These experiments will improve understanding of electrical stimulation in SCI, and may set the table for future treatments to prolong any short-term benefits observed in this study.

Detailed Description

Roughly 60% of spinal cord injuries occur at the cervical level. Most injuries are anatomically incomplete. Activating spared nerve circuits augments functional recovery of the damaged nervous system. With this goal, the Investigators have developed a novel method of non-invasive cervical electrical stimulation (CES). Preliminary data show that CES triggers afferent sensory or efferent motor nerve roots depending on stimulus intensity, resulting in concurrent activation of multiple muscles on both upper limbs. the Investigators aim to use CES to strengthen residual circuits to hand muscles after SCI. Regaining control over hand function represents the top priority for individuals with cervical SCI.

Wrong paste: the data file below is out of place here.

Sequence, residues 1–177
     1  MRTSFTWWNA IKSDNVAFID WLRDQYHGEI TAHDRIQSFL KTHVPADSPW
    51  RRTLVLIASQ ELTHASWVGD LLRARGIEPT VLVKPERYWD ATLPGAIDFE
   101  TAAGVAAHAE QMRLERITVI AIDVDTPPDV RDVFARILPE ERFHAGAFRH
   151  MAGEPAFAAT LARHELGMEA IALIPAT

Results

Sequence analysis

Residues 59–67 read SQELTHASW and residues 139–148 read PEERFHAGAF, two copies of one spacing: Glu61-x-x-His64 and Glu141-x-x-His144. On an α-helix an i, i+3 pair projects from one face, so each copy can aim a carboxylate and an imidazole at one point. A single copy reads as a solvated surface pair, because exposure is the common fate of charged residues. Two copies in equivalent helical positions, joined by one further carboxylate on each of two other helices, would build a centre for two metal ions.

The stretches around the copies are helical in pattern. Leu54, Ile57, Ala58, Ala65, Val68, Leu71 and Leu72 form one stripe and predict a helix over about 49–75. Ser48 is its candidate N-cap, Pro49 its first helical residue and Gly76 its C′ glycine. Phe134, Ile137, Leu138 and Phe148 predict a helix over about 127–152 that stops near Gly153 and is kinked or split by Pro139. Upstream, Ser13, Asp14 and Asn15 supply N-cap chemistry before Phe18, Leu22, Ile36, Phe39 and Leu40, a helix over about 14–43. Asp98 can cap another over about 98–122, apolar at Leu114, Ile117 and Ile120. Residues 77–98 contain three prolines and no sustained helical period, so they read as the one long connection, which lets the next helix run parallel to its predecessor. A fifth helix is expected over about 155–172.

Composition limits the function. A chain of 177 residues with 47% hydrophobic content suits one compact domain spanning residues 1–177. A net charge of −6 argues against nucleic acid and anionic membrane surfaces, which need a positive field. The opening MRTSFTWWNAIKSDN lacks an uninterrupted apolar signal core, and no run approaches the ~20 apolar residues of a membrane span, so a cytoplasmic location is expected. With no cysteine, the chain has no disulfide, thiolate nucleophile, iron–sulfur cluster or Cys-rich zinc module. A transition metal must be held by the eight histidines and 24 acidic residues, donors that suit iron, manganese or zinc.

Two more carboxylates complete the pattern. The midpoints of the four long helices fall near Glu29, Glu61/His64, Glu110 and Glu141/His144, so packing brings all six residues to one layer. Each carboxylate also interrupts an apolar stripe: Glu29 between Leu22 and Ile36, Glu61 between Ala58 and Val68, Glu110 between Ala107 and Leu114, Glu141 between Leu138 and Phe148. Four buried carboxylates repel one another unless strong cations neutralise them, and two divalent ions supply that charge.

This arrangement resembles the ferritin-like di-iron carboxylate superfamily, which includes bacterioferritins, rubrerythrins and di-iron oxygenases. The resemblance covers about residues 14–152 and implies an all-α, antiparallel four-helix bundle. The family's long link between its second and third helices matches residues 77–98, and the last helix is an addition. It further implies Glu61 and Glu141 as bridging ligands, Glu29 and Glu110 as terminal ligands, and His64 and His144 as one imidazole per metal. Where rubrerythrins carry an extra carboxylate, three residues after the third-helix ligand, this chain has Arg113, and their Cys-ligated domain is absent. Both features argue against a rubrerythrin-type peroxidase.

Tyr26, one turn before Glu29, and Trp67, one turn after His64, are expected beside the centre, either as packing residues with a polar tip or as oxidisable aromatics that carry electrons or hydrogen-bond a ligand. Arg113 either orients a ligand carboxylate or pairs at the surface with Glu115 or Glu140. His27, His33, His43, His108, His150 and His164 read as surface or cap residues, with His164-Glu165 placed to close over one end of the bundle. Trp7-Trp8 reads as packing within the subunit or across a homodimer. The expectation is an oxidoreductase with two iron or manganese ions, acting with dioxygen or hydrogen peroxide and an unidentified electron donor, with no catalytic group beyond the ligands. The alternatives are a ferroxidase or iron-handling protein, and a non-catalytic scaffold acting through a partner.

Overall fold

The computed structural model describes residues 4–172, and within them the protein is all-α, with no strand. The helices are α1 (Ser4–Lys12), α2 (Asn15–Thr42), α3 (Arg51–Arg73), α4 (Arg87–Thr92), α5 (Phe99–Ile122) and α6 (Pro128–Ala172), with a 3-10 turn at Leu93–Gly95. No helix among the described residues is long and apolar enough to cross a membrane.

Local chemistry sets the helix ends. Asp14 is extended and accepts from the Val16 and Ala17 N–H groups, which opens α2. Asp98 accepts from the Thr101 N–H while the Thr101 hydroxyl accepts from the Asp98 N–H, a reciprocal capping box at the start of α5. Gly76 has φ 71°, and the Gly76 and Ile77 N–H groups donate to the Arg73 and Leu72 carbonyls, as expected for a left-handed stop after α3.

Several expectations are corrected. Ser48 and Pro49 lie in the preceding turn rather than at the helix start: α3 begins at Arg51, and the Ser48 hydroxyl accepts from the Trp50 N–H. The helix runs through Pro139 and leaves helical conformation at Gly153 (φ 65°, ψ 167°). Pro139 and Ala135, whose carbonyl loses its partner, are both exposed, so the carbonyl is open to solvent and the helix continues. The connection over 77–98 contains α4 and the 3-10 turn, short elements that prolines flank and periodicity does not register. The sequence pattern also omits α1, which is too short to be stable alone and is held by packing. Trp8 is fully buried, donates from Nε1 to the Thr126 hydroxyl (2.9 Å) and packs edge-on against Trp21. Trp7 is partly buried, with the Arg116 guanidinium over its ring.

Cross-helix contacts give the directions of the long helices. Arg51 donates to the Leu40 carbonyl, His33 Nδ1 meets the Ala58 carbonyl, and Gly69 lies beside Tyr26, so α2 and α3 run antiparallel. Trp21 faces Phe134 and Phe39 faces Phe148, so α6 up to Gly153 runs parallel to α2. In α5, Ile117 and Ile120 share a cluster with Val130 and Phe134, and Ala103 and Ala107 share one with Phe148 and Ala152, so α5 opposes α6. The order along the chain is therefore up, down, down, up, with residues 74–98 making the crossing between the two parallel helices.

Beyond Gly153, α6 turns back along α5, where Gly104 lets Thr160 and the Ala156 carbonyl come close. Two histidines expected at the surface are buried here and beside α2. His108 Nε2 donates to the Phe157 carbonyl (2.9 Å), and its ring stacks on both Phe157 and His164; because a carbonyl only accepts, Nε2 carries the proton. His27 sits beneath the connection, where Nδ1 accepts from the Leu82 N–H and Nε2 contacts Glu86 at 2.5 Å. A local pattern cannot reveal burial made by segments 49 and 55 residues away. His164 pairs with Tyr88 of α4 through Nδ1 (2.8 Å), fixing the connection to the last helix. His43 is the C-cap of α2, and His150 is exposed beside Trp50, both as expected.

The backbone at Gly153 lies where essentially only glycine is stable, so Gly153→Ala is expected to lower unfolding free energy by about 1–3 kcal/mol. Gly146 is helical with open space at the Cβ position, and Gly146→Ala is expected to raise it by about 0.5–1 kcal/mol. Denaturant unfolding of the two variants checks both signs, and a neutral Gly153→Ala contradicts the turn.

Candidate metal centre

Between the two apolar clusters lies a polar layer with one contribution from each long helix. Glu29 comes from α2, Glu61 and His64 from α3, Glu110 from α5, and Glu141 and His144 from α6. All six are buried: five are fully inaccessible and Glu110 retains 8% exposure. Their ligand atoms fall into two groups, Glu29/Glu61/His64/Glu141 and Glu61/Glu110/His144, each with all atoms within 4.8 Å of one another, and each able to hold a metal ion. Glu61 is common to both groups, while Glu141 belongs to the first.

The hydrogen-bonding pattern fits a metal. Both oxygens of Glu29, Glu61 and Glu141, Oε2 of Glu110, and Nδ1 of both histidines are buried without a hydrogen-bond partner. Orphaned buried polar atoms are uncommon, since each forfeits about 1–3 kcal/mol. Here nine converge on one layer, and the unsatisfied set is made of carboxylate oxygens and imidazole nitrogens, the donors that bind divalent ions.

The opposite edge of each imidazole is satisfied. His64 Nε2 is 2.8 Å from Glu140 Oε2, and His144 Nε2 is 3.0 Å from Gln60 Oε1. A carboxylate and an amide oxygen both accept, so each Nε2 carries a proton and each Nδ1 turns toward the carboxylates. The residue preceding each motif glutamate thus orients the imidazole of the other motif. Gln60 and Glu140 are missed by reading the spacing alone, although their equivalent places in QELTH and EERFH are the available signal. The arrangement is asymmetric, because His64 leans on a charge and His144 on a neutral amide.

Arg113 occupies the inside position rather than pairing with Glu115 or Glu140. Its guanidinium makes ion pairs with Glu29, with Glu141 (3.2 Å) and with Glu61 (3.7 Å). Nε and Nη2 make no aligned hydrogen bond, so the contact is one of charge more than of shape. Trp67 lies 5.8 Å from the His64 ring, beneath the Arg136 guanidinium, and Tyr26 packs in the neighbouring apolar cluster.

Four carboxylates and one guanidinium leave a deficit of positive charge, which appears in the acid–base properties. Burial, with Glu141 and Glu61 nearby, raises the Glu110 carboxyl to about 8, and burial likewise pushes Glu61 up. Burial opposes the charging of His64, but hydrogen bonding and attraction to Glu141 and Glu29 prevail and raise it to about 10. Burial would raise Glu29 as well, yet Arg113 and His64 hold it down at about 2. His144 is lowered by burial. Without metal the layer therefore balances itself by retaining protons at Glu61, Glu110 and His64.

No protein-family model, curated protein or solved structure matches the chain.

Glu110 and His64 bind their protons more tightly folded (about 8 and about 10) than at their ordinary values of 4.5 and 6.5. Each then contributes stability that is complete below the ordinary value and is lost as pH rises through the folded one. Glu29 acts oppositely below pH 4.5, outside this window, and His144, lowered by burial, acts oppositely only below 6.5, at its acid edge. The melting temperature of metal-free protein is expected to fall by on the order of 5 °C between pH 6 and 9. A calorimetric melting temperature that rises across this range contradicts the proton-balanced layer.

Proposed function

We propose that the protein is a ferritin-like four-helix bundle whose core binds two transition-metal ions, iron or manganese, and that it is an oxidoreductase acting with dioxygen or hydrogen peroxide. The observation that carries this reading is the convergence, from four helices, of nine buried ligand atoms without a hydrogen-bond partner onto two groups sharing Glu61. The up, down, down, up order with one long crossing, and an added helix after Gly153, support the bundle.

However, much more work needs to be done to better understand underlying CES mechanisms, its interactions with segmental and supraspinal circuits, and its optimal stimulation parameters for improving neural transmission to the hands. This proposal will address these issues.

Mechanistic experiments: 15 able-bodied volunteers and 15 subjects with motor-incomplete cervical spinal cord injury will undergo systematic combinations of CES with transcranial magnetic stimulation or peripheral nerve stimuli at varying intensities, sites, and interstimulus intervals.